Do You Have a Blood Thinner-Friendly Diet?

 Blood thinners and diet
 

Partner with your physician on diet choices

Blood thinners can save your life by helping the blood flow freely through your arteries and veins and reducing your chances of developing dangerous blood clots that can lead to heart attack or stroke. However, special precautions should be taken when on these medications, particularly avoiding certain foods in your diet that can interfere with how well your blood thinner works.

One class of blood thinners – known as anticoagulants – prevent blood clots from forming by increasing the amount of time it takes for your blood to clot. Warfarin (Coumadin) and Heparin are commonly prescribed anticoagulants.

A second class – known as anti platelet drugs – prevent blood cells from clumping together by targeting tiny particles in the blood called platelets. Aspirin and Plavix are commonly taken antiplatelet blood thinners.

Quite often, when a person is put on a blood thinner it is because that person either has had a stroke or heart attack, or is considered at risk of having one. These people may also begin to make healthier choices in their life, including switching to a healthier diet. It’s okay – and even recommended – to make the change to a healthier diet, but only as long as you work with your physician to ensure the foods you are eating aren’t interfering with the effectiveness of your medication.

Foods containing vitamin K

Some of the healthiest foods you can eat, such as kale and spinach, are high in vitamin K. Vitamin K is a fat-soluble vitamin that helps the body synthesize proteins that aid in blood clotting. Because vitamin K plays a key role in helping the blood clot, it can interfere with how some blood thinners work or make them less effective.

Foods containing vitamin K tend to be healthy vegetable sources in your diet, so you may have a difficult time eliminating them completely. Be sure to talk to your physician about the vitamin K servings you tend to enjoy daily. Your physician may be able to work with you to adjust your medication dosage to allow for a certain daily intake of vitamin K.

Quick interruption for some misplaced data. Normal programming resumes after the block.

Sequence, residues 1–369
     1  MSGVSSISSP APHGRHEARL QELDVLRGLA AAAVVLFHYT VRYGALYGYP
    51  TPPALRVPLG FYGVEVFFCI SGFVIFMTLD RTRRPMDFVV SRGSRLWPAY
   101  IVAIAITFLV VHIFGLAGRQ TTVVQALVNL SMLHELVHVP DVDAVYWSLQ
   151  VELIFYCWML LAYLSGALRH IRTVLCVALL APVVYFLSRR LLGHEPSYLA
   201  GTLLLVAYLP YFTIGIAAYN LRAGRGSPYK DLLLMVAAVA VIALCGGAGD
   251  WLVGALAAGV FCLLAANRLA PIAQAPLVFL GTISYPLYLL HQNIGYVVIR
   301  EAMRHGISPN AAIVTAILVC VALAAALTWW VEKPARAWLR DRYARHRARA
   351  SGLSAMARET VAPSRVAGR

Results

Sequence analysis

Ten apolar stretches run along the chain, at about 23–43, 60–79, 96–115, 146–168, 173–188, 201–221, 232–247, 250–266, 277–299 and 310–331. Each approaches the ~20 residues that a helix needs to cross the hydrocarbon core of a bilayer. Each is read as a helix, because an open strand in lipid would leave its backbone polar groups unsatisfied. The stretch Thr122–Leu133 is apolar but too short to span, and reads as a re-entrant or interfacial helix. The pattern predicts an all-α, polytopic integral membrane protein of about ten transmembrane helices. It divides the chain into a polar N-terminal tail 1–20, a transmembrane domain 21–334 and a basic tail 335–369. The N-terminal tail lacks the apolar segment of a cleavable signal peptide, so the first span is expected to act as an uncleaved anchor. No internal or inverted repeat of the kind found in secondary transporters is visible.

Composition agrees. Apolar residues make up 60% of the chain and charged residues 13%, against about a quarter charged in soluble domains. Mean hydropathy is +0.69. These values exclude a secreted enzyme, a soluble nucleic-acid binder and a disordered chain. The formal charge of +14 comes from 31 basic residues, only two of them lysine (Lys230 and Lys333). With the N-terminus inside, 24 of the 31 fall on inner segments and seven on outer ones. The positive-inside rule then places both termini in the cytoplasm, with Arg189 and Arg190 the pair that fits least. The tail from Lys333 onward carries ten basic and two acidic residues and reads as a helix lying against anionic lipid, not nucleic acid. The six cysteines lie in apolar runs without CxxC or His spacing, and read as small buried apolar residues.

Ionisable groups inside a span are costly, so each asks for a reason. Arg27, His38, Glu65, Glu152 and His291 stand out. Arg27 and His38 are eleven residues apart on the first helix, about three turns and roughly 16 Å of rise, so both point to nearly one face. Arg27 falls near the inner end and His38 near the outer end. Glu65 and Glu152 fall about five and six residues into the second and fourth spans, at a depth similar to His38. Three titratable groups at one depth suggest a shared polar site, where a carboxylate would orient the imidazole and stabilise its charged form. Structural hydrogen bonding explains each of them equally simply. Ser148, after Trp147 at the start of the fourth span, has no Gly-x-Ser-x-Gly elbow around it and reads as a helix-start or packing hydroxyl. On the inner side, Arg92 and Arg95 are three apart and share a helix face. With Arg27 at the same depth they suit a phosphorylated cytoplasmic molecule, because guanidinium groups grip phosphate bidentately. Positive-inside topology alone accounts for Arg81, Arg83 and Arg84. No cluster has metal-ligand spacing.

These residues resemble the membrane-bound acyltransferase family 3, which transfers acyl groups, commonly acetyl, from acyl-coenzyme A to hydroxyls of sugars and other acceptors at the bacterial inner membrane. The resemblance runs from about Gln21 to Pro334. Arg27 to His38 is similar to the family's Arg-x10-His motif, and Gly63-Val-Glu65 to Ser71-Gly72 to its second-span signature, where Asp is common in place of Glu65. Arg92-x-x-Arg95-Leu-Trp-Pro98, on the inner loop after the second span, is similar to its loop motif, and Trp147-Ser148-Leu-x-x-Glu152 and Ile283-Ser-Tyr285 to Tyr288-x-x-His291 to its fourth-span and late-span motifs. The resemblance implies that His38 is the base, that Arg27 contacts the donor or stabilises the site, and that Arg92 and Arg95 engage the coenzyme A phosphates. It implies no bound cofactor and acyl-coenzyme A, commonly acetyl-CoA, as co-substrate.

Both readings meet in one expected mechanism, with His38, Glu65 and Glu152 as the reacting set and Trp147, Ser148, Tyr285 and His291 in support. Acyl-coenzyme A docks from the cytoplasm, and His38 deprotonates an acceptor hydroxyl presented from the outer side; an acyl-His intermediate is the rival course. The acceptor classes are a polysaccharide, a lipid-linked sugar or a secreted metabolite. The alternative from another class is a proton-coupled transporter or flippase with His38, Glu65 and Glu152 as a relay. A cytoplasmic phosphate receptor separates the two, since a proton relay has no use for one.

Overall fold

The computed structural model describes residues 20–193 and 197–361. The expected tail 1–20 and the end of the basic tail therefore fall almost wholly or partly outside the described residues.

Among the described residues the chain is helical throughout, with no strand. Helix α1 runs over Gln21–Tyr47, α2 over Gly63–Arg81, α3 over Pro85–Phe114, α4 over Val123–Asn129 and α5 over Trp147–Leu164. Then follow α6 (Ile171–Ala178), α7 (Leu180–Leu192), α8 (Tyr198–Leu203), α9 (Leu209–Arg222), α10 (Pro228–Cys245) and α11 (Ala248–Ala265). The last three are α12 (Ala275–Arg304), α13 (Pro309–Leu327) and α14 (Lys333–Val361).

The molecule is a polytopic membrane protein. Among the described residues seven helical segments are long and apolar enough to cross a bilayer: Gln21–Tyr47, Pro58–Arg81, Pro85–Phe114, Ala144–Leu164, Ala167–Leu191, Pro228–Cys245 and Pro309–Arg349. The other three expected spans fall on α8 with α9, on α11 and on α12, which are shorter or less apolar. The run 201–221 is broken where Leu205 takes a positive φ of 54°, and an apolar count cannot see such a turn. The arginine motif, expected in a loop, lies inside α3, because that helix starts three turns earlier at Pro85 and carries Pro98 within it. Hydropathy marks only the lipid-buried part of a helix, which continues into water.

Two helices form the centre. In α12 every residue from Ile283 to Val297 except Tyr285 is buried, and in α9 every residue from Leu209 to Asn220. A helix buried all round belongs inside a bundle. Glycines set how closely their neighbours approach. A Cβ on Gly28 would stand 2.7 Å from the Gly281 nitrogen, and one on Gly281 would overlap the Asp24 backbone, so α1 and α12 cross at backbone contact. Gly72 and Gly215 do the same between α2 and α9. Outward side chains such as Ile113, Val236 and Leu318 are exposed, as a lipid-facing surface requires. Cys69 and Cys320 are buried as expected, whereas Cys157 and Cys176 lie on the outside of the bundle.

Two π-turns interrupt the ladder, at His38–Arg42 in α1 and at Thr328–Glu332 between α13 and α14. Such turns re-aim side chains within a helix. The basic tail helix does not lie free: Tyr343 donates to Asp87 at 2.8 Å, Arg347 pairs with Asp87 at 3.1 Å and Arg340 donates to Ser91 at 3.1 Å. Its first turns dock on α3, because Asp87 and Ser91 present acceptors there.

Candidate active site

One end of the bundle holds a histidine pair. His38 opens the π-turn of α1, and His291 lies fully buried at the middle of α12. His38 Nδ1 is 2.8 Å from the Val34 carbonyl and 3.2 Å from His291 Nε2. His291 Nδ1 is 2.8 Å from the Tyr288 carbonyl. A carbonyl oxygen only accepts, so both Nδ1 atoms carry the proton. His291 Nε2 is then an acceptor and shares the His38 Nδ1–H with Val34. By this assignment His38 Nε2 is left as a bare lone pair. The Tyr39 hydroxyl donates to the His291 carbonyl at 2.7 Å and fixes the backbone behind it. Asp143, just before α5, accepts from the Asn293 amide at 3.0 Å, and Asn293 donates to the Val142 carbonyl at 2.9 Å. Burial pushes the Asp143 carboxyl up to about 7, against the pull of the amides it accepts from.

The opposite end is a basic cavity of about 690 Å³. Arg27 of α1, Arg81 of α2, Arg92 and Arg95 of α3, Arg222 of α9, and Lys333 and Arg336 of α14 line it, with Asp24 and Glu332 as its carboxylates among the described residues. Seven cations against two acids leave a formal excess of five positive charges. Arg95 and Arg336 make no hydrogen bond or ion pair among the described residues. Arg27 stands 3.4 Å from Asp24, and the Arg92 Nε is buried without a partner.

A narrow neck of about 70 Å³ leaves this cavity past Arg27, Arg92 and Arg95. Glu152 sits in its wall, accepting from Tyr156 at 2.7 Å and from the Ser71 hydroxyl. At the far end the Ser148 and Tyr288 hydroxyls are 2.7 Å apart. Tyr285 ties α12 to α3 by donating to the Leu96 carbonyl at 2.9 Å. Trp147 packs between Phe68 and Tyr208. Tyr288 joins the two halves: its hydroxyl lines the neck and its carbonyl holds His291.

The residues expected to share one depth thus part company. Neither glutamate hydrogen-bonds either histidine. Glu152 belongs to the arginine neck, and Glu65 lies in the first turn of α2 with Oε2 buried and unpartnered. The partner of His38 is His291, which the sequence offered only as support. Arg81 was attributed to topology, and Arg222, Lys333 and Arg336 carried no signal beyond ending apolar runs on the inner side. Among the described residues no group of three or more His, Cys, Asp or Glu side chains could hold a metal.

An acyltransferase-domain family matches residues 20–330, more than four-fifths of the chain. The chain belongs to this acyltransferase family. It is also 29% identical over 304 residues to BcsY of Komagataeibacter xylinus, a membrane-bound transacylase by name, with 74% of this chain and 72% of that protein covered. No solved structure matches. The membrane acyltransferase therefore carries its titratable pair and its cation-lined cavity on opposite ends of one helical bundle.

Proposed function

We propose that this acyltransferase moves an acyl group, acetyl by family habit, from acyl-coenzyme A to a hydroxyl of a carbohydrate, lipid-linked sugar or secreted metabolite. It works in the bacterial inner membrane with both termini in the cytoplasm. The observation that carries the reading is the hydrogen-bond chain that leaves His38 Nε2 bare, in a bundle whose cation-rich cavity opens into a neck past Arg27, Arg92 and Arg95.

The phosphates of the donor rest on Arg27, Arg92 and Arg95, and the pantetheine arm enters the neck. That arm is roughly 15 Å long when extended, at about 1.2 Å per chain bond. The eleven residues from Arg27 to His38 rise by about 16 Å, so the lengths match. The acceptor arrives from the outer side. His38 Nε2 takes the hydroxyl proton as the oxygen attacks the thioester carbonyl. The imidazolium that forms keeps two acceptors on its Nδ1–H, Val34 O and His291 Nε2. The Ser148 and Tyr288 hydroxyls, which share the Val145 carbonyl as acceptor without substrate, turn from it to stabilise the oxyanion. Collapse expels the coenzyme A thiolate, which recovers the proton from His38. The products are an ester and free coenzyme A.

It is likely that your physician will recommend that you avoid foods high in vitamin K altogether. If so, don’t fret. There are still delicious food options available that have moderate to low levels of vitamin K that your doctor will probably allow in your diet.

Foods that are high in vitamin K that you should look to avoid unless given the explicit okay by your physician include*:

·      Kale

·      Collards

·      Spinach

·      Turnips

·      Mustard Greens

·      Beet Greens

·      Dandelion Greens

·      Brussel Sprouts

·      Broccoli

·      Green Tea

Foods that have moderate to low levels of vitamin K that you can likely include in your diet with physician approval include*:

·      Asparagus

·      Okra

·      Miso

·      Plums

·      Green Peas

·      Cowpeas

·      Green Beans

·      Cabbage

·      Celery

·      Lettuce

·      Rhubarb

·      cucumber

Blood-thinning foods

Just as certain foods that contain vitamin K can contribute to blood clotting and interfere with the effectiveness of the blood thinner you are taking, some foods can cause blood thinning. This can be problematic if you are taking a blood thinner because your blood may become too thin so that even the smallest cut could lead to severe bleeding and excessive loss of blood, or a fall or hard bump could lead to internal bleeding.

Foods high in salicylates, such, ginger, cinnamon, cayenne pepper, thyme, dill, oregano, peppermint, and curry powder contain natural blood thinning properties. Cranberry juice and alcohol also act as natural blood thinners. You should discuss with your physician whether any of your dietary choices may interact with your blood thinner to thin your blood too much, leaving you vulnerable to excessive bleeding.

Other than partnering with your physician to ensure the foods known to interfere with blood thinners aren’t interfering with your medication’s effectiveness, you can generally keep the same diet you had before you started taking the medication.

By educating yourself about conflicting dietary choices and working closely with your physician to ensure your diet is blood thinner-friendly, you can be sure your medication is working properly and helping your blood flow freely through your veins and arteries as intended.

*How a food is prepared can affect the vitamin K content.